VIDEO: South Yorkshire politicians pay tribute to former Liberal Democrat leader Charles Kennedy, who has died aged 55

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South Yorkshire politicians have been paying tribute to Charles Kennedy, who has died aged 55.

The former Liberal Democrat leader passed away yesterday at his home in Fort William, Scotland, his family said.

His family said they were devastated to lose a ‘fine man and loving father’. No cause of death has been given but police said it was not suspicious.

Mr Kennedy, who led his party from 1999 to 2006, lost his seat Ross, Skye and Lochaber last month.

Sheffield Hallam MP, Nick Clegg, said he was ‘one of the most gifted politicians of a generation’.

Mr Clegg, who resigned as Liberal Democrat leader last month, said: “Nick Clegg paid tribute to his predecessor as Liberal Democrat leader: “Charles’s untimely death robs Britain of one of the most gifted politicians of his generation.

Library filer dated 20/3/2015 of former Liberal Democrat leader Charles Kennedy who has died at his home aged 55. PRESS ASSOCIATION Photo. Andrew Milligan/PA Wire

Library filer dated 20/3/2015 of former Liberal Democrat leader Charles Kennedy who has died at his home aged 55. PRESS ASSOCIATION Photo. Andrew Milligan/PA Wire

“Charles devoted his life to public service, yet he had an unusual gift for speaking about politics with humour and humility which touched people well beyond the world of politics.

“He was a staunch internationalist and passionate believer in Britain’s role in Europe, yet he was a proud Highlander, Scot and British parliamentarian.

“He was one of the most gentle and unflappable politicians I have ever known, yet he was immensely courageous too not least when he spoke for the country against the invasion of Iraq.

“He led the Liberal Democrats to our party’s greatest electoral successes, yet he always remained modest about his huge achievements.

“Whenever I asked him for advice, he was unfailingly kind and wise.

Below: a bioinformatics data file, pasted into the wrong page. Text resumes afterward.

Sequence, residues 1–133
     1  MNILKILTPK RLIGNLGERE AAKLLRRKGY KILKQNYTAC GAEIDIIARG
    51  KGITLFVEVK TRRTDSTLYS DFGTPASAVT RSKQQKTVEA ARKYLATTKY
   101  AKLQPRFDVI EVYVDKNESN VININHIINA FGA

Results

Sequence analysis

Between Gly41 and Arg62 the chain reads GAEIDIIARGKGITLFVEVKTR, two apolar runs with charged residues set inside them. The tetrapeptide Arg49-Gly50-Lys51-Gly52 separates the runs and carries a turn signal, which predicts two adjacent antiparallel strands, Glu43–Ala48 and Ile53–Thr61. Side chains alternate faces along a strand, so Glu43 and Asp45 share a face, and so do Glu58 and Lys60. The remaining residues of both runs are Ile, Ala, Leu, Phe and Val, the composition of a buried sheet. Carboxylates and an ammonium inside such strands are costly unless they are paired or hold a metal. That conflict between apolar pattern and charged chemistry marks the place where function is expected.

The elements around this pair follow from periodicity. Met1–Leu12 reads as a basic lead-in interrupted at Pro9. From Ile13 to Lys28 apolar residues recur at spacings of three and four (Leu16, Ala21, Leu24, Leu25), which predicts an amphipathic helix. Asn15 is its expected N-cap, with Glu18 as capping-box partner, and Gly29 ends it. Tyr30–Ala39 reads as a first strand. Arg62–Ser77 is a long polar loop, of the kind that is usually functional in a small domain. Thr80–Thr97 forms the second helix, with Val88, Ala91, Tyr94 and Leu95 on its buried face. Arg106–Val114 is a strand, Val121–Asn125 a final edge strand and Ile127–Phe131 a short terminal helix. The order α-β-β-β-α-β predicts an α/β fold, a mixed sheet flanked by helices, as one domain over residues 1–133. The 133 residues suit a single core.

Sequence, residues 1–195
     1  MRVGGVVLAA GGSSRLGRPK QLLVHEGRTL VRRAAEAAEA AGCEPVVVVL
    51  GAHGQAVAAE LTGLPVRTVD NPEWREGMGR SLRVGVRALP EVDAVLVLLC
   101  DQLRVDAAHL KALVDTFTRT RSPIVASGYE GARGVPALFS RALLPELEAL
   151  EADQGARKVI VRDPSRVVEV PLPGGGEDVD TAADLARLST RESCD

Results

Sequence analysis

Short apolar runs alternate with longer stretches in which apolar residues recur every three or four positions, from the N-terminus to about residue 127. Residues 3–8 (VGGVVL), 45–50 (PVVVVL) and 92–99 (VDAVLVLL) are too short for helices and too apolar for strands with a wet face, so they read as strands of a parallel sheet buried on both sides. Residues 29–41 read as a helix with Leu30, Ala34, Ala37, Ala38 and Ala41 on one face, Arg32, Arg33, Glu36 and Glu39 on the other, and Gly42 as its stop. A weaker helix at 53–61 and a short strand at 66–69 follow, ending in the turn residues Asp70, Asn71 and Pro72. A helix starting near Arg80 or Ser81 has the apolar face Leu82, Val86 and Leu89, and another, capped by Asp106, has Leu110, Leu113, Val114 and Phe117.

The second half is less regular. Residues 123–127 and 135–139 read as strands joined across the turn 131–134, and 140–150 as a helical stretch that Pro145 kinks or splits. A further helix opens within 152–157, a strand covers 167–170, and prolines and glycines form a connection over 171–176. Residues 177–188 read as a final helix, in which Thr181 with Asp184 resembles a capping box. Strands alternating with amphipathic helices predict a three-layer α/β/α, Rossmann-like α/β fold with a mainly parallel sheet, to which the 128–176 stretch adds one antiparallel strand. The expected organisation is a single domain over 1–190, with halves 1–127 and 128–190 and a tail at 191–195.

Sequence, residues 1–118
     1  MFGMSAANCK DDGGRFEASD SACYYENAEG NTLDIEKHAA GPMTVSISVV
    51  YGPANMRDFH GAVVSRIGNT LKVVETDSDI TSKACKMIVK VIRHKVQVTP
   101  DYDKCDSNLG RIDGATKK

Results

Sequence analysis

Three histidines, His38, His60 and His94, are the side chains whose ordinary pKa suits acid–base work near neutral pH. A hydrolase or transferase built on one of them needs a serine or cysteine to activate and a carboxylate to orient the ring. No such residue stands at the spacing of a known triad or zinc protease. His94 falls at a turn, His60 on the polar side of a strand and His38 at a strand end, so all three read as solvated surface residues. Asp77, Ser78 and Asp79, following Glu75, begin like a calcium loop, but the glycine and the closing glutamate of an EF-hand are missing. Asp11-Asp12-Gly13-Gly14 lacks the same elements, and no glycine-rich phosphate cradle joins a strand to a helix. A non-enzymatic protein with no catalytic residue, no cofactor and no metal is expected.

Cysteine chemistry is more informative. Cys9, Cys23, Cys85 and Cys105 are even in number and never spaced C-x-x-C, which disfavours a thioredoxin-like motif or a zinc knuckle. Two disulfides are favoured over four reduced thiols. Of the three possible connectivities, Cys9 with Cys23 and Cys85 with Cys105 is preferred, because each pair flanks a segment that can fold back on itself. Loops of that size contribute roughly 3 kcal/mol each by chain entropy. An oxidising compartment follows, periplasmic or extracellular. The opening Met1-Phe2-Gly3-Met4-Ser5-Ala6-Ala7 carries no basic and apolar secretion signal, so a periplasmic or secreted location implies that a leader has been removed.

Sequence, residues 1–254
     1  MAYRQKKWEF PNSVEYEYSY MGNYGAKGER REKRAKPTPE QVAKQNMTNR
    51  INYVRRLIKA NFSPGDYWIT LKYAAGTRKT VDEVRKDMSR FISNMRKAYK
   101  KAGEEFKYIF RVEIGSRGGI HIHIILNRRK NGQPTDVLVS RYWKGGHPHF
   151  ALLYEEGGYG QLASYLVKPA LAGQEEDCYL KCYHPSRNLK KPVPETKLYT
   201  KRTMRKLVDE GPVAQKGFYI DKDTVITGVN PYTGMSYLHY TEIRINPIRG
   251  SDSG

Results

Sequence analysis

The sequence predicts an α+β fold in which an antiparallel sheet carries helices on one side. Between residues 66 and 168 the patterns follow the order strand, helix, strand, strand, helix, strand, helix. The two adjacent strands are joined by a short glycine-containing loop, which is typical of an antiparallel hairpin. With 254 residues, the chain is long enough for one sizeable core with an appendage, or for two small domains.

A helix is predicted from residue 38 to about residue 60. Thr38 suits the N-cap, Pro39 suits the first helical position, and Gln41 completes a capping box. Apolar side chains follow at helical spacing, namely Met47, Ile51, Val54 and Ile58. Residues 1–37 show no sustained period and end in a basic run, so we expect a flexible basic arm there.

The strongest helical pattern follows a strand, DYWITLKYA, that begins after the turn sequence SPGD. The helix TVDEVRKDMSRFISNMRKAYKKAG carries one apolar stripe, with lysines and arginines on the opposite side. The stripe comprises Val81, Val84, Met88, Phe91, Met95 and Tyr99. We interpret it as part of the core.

“Most of all, I will never forget the pride and love with which he would talk about his own family, most especially his devotion to his son Donald.

“My heart goes out to his sister and brother and to Sarah and Donald at this tragic time.”

The loss of his Westminster seat came after an election campaign during which Mr Kennedy was forced to take a break following the death of his 88-year-old father Ian in April.

He is survived by his 10-year-old son Donald, who was born during the 2005 election campaign.

Doncaster North MP and former Labour leader Ed Miliband tweeted: “Charles Kennedy was a principled, decent man who stood up for what he believed. His death is a tragic loss. My heart goes out to his family.”

Sheffield Lib Dem peer Lord Paul Scriven, said: “Charles Kennedy a warm, witty, and friendly human being. Political he has been proven right on the biggest issue in recent times, Iraq.”

Sheffield councillor Jack Scott, who represents the Arbourthorne Ward, tweeted: “Charles Kennedy stood up for Europe and against invading Iraq. Will be sadly missed.”

Rotherham MP Sarah Champion said: “Really sorry to hear Charles Kennedy has died. Decent, sincere and funny man who will be missed. My love to his family.”

Mr Kennedy, a father-of-one, had been leader of the Liberal Democrats between 1999 and January 2006 - when he stood down days after admitting he had a problem with alcohol.

His political career began in the Social Democratic Party, winning the Ross, Cromarty and Skye seat in 1983 to become the youngest MP of the time at the age of 24.

He took over as leader from Paddy Ashdown in 1999, and in that role was one of the most vocal critics of the invasion of Iraq in 2003.

In the 2005 general election he took the party to what was then one of its best general election results, winning 62 seats.

But just months later, following months of rumours about his drinking, Mr Kennedy dramatically admitted he had been receiving treatment for an alcohol problem and said he was calling a leadership contest.

While he had initially declared that he wanted to carry on he was forced to stand down in the face of the threat of mass resignations by senior colleagues.